For being such an incredibly glamorous person, I have held a number of decidedly unglamorous jobs. The summer after my sophomore year at college I found myself at a personal employment low: working part time as a cashier at Target. During one of my shifts, I chatted with a father and his two children as they were checking out. After bagging his purchases, the father smiled at me and said, "You're going to be a good mother some day" before turning and leaving, kids in tow.
I was dumbfounded and entirely unprepared to deal with this "compliment," which I'm positive it was meant to be. Since when did being passably friendly to a random child prove me capable of handling one of my own?
When my editor asked me to comment on the newly released Selfish, Shallow, and Self-Absorbed: Sixteen Writers on the Decision Not to Have Kids, I wondered if my mother masterminded the whole thing. (How did you know that I'm conflicted about wanting to have kids? Did she put you up to this so I'd finally have to explain myself?) Selfish, Shallow, and Self-Absorbed is a collection of essays from 16 writers who ultimately decided that children weren't for them for many different reasons. The essays explore the reasons a person may decide not to become a parent, as well as the idea that it is possible to have a fulfilling life without children. Although I don't believe anyone is required to justify her decision not to want children, the idea that having a child is a crucial part of life is still so embedded in our culture that it was kind of a relief to read about a bunch of people who basically say, "We don't have children and guess what? The world didn't end."
Out of all of the (perfectly legitimate and respectable) reasons not to have children included in the essays, one in particular stuck out: Rosemary Mahoney and Tim Kreider both talk about the fear that they would adore their child so much and worry so much about its safety that this love and sense of duty would overwhelm them, overshadowing everything else in their lives until they had no world outside of their beloved child. Tim Kreider writes, "I'm afraid that if I ever did have children of my own I would love them so painfully it would rip my soul in half."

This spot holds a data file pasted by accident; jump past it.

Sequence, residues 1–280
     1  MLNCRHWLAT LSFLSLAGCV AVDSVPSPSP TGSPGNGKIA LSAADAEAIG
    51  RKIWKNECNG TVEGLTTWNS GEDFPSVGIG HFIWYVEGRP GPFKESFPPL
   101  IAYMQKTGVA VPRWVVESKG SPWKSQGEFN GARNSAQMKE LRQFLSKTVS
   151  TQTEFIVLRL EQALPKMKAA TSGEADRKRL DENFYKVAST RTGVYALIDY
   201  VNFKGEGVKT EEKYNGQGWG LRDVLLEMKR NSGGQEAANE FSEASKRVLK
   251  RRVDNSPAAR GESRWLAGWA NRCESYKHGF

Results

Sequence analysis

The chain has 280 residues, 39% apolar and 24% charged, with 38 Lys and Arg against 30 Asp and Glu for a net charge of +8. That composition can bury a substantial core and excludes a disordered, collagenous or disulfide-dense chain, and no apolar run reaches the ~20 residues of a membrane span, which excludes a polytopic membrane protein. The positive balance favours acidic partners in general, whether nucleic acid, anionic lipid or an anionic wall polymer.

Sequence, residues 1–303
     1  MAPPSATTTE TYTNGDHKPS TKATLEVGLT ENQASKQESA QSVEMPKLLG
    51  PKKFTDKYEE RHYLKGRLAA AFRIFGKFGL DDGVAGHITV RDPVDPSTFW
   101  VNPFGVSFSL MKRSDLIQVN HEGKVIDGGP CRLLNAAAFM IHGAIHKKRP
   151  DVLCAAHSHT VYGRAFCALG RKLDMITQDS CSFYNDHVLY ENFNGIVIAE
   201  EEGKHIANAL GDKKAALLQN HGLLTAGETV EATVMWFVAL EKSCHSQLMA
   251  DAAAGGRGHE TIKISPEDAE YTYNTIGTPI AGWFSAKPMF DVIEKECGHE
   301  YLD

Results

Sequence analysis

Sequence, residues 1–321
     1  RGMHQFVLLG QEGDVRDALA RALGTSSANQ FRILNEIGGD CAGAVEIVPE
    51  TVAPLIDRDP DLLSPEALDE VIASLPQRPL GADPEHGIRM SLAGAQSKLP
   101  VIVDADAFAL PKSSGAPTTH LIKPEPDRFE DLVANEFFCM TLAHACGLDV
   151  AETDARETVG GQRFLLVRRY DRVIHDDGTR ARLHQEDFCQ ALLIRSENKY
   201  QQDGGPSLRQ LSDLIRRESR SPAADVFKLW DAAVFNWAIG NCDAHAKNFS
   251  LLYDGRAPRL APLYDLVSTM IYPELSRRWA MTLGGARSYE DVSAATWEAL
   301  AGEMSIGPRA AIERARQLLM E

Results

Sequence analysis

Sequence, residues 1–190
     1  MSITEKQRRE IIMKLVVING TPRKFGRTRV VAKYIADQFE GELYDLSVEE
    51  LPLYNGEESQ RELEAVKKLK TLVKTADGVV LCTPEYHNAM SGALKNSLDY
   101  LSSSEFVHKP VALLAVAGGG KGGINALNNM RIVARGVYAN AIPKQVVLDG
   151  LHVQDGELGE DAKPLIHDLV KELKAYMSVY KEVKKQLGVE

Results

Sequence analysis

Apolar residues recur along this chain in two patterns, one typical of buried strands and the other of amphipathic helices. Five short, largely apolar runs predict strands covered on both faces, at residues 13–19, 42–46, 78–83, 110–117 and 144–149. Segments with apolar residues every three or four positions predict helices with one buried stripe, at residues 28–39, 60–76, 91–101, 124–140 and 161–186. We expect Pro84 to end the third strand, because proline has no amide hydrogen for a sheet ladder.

How confident, to assume that you would fall so madly, deeply in love with your child. So much so, in fact, that this love would burst your seams, drown your work and everything else until all that remained afloat was this one small person that soaked up all of your being. I wish this were my fear — that I had just too much potential for love. This fear sounds like a blessing.
I don't share these authors' sentiments. I suspect instead that I would be closer to Cinderella's wicked stepmother than a fairy godmother who exists to make children's dreams come true. I have never been overly fond of children; I do not want to see photos of your newborn nephew or coo over my neighbor's toddler — I look at kids the way those without pets look at puppies: cute in theory, sometimes adorable, but I wouldn't want to have one. If I have a biological clock, it has yet to tick, and it may be permanently broken. With a few exceptions, I am horribly uncomfortable around children. I'd rather play with your dog.
After years of waiting for my maternal instinct to kick in, I began to seriously think about whether motherhood was actually in my future after I turned 24 a few months ago. I tried to envision myself as a mother under the most ideal conditions I could think of: happily married, financially stable, and with an adorable baby. That last element threw me into a panic. The idea of having something that I am responsible for forever, of having to take care of something physically, emotionally, and financially for the rest of my life, is enough to make me dry heave.